A Holyrood committee has launched a consultation on controversial gender reform legislation.
The Gender Recognition Reform (Scotland) Bill was introduced earlier this month, and will shorten the existing time period a trans person will have to live in their acquired gender before being able to obtain a gender recognition certificate (GRC) from two years to three months, along with another three-month reflection period.
Those applying for a GRC will also able to do so without a medical diagnosis – as is the case in the current legislation.
The equalities, human rights and civil justice committee launched its consultation on Monday – the third consultation undertaken in relation to the Bill in addition to two others by the Scottish Government in recent years.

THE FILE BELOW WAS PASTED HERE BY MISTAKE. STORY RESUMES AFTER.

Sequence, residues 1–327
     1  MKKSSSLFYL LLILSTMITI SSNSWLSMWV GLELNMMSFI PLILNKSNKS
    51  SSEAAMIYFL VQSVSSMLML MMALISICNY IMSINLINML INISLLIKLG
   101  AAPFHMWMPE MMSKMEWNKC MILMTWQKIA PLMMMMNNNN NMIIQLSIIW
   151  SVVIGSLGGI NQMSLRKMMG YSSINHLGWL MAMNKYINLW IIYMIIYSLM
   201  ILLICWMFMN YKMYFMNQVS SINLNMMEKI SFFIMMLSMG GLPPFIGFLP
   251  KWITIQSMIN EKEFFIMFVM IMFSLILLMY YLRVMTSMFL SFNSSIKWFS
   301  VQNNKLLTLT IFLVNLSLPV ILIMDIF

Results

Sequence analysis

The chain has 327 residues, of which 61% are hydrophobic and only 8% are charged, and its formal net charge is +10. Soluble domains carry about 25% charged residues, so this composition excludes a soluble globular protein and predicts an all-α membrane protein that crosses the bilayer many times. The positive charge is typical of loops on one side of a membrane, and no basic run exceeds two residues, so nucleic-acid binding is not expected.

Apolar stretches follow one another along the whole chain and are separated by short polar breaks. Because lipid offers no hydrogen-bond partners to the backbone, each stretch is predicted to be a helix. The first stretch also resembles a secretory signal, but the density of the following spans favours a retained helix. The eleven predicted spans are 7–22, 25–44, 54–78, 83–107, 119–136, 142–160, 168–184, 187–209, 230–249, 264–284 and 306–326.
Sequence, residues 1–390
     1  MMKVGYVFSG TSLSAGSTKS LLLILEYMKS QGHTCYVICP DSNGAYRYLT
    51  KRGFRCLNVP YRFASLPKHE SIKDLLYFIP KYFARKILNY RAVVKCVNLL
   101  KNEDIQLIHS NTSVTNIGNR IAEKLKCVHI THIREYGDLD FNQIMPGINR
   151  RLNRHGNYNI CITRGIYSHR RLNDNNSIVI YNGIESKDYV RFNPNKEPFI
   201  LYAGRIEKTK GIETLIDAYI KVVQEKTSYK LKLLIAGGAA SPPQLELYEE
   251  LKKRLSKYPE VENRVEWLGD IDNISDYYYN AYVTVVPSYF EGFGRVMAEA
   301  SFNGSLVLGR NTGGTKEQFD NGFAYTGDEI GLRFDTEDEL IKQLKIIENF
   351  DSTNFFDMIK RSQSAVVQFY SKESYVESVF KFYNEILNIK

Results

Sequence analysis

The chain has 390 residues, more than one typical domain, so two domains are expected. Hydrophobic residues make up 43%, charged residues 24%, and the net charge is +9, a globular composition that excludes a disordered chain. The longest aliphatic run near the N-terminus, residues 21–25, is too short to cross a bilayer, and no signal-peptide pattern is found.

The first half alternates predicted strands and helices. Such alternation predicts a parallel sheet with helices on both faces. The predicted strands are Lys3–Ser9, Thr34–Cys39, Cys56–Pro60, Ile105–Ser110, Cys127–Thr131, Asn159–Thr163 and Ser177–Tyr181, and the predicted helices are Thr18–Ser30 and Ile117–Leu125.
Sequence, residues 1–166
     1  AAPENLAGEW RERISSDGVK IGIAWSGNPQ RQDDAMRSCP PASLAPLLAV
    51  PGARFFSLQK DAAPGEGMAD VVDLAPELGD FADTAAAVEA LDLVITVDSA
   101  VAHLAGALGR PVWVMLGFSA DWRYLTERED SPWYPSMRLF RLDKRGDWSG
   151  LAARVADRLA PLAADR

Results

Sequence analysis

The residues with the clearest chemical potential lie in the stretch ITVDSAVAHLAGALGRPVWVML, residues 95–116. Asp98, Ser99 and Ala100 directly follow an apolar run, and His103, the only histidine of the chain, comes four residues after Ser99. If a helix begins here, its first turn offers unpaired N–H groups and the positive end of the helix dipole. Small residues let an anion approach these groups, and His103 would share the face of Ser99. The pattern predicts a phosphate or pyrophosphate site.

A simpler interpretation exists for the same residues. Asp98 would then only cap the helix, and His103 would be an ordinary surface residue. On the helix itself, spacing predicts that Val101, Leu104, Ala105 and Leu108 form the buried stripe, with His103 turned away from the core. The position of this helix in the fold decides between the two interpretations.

Convener Joe FitzPatrick said: “This Bill would simplify the process by which transgender people in Scotland can gain legal recognition.
“We have launched this call for views to hear from you about your views on the key changes in the Bill, such as the removal of the need for medical evidence and reducing the minimum age for applications.
“This consultation marks the first step in the Committee’s scrutiny of the Gender Recognition Reform (Scotland) Bill.
“It is vital that we hear from a wide range of voices as part of our inquiry. The views of people and organisations from across the country are crucial to ensuring that this Bill is properly considered.”
The deadline for views – which can be submitted at www.yourviews.parliament.scot/ehrcj/gender-recognition-reform-bill – is May 16.